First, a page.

January: the wasteland for films.
For our first example, I give you Michael Mann’s Blackhat starring Chris Hemsworth as elite hacker, Nicholas Hathaway. When a cyber-criminal begins taking down banking networks in both America and China, the two countries band together to find and capture the guy. They quickly seek the help of furloughed convict Hathaway as he and the other agents follow the trail from Chicago, Los Angeles, Hong Kong and Jakarta.
Mann is a terrific filmmaker but he’s missed the mark here. The overly long film lacks any sort of substance or subtlety. Let’s start with the casting of Hemsworth, who I usually think is very good. He was great in Ron Howard’s Rush and is a perfect Thor but he was just miscast here. I know some hackers. They’re pale, portly and really out of shape. Hemsworth is the complete opposite of that. But, let’s throw that out of the equation because in the film, they address that by saying that when he was in prison he kept himself in shape in case. He had to protect himself in case of he had to fight. Ok, fine. But what hacker can fight like an action star? Hemsworth’s Hathaway beats the hell out of the bad guys without a second thought. And he holds a gun like he’s been doing it for years.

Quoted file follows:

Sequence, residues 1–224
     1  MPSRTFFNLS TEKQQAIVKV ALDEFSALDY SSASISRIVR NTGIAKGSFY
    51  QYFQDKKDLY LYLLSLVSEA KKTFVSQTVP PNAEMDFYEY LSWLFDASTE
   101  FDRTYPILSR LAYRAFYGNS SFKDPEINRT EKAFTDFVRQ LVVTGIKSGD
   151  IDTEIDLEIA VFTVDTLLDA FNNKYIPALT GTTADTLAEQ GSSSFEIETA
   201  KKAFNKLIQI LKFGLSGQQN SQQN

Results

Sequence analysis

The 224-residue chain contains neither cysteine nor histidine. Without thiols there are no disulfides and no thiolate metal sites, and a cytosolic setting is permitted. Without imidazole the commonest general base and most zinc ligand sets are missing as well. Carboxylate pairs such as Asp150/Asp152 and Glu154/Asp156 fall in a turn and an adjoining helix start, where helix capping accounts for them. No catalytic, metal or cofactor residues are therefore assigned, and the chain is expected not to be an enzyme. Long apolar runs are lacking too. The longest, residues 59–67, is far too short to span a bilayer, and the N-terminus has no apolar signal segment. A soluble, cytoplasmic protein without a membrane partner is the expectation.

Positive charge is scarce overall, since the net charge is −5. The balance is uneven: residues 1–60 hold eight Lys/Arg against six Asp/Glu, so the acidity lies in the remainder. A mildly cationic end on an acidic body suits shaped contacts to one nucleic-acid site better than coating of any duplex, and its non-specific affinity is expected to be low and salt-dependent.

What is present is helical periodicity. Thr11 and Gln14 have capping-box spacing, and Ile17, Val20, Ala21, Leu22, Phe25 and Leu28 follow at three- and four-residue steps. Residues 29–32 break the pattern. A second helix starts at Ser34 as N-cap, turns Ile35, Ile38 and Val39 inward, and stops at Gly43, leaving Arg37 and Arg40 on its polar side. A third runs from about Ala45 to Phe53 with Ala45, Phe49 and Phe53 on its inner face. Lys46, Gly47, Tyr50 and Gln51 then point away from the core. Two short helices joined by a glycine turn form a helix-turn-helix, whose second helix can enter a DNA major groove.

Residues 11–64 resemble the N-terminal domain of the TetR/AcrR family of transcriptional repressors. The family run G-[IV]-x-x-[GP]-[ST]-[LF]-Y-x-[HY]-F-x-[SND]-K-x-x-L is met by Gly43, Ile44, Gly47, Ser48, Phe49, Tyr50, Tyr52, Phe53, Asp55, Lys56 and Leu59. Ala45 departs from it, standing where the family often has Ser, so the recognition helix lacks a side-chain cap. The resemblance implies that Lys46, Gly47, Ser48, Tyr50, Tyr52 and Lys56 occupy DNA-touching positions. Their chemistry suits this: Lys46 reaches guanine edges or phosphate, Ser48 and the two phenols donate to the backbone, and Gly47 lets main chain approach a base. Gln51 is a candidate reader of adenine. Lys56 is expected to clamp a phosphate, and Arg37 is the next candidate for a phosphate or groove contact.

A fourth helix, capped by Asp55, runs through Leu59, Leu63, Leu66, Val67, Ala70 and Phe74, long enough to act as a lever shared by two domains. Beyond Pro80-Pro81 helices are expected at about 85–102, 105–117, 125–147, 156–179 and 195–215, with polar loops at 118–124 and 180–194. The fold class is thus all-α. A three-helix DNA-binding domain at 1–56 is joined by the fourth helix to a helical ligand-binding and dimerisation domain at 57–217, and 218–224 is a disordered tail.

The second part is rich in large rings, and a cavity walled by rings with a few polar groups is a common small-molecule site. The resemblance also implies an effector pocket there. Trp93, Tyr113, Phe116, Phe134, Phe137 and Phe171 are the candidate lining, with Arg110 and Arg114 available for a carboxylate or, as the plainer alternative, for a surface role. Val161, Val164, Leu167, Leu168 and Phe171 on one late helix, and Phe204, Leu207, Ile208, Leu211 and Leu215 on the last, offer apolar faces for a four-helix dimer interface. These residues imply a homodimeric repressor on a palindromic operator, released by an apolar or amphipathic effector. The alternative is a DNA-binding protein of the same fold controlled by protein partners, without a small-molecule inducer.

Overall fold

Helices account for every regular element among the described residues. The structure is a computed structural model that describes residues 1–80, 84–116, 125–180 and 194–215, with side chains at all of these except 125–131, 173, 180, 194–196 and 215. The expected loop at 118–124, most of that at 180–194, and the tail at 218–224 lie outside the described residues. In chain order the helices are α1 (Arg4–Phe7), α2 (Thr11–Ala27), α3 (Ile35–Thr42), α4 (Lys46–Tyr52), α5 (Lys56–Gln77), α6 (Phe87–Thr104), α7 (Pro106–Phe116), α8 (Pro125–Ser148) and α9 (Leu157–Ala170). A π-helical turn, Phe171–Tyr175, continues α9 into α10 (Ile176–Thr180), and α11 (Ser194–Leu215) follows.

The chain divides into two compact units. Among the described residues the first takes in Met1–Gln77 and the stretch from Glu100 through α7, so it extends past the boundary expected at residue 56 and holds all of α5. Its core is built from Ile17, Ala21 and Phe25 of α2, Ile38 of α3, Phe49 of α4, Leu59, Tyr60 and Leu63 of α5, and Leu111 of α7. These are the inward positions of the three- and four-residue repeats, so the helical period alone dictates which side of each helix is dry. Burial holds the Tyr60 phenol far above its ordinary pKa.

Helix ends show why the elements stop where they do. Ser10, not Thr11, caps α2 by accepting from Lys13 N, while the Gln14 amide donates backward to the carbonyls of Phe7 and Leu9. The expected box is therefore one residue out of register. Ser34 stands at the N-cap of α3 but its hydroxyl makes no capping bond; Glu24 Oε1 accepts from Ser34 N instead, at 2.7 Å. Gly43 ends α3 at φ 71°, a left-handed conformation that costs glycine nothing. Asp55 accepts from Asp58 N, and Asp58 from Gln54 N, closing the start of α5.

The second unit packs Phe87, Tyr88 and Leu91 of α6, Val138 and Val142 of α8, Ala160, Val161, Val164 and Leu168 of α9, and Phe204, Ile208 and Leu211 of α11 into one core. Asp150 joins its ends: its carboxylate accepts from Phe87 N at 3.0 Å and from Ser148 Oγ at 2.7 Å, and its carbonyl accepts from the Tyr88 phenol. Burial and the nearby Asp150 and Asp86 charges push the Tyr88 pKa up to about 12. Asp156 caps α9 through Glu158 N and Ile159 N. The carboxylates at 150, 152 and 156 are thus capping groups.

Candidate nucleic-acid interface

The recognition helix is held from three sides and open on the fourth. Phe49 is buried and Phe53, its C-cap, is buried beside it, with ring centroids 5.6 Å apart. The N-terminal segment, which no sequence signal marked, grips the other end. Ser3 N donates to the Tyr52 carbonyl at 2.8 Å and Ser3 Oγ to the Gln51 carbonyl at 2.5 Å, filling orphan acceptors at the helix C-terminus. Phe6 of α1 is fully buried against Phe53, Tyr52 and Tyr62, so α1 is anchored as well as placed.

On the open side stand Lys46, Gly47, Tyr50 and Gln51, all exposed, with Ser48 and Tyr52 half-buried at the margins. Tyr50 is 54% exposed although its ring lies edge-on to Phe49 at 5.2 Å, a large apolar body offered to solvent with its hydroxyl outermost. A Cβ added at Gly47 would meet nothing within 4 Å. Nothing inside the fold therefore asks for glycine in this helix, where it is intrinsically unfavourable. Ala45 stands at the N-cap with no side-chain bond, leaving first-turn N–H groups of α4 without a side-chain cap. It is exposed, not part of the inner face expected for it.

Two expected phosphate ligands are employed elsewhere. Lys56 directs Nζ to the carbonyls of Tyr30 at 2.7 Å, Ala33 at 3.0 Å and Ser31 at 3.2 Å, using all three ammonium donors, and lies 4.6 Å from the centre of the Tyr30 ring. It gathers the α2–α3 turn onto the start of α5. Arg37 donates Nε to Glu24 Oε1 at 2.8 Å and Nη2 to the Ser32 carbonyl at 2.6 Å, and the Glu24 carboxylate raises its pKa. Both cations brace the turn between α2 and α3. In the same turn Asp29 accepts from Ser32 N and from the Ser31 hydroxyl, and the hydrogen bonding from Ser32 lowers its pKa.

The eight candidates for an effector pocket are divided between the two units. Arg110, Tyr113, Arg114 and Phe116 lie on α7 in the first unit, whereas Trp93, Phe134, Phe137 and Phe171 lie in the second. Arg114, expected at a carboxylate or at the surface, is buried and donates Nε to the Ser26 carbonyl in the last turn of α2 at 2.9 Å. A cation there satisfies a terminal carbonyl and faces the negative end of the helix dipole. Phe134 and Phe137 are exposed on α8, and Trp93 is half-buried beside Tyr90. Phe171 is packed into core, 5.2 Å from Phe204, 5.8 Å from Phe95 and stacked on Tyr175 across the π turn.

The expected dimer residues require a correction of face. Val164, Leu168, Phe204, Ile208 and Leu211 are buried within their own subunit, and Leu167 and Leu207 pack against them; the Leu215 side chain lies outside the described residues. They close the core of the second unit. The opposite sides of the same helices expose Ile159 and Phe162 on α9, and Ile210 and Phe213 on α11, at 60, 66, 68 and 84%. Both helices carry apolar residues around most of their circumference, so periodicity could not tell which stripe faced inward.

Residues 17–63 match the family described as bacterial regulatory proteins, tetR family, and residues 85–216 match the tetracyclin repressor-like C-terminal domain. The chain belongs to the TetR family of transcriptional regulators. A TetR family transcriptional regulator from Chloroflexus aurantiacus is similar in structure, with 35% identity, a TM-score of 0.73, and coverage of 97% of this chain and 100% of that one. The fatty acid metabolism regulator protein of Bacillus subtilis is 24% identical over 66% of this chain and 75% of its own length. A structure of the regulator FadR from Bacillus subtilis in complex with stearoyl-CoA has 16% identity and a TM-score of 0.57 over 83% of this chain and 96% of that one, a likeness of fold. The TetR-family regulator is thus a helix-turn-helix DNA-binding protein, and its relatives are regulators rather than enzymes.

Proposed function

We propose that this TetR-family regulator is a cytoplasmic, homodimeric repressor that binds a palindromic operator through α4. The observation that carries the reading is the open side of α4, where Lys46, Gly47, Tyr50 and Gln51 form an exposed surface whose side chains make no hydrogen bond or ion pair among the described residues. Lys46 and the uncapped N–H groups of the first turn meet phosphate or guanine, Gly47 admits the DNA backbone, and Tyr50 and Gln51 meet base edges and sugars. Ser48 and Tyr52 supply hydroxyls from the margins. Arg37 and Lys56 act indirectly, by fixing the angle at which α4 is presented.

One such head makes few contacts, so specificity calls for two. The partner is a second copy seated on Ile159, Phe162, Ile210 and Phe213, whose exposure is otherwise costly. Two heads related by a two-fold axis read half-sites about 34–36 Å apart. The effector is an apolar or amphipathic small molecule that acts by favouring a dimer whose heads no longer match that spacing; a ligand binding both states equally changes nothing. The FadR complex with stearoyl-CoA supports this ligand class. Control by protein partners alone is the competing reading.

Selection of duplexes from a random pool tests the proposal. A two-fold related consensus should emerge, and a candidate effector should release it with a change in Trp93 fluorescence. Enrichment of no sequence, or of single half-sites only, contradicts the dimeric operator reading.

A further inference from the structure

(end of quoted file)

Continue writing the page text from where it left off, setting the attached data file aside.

Also, the final “a-ha” moment, the point where Hathaway finally figures out what the criminals are really up to is way too easy.
And why do we need a romance shoved into the story? Much screen time is taken showing Hemsworth and his on-screen love interest, Chen Lien (Wei Tang), in various stages of undress. We get it; they’re hot for each other. Let’s get on with it because these scenes just grind the story to a halt.
There’s a scene where Hemsworth is walking in a crowded area, filled with people at a festival. He’s got a gun yet no one is reacting to him. The gun is in plain sight but people are walking past not even noticing. Hey, I know this is the movies but let’s bring a bit of realism here. If I’m walking in a crowded area and I see a guy walking with the gun, I’m getting the hell outta dodge.
The only true engaging moments in the film come courtesy of Viola Davis and Holt McCallany as a pair of agents tasked with keeping a watchful on Hathaway. Those two bring all the tension (and even a bit of levity) that most of Mann’s movies usually have.
It was nice to see Broadway veterans Danny Bernstein and Christian Borle is small roles, with Borle providing some much needed tension to his scenes.
Mann is off his game but even Michael Jordan missed a few baskets from time to time.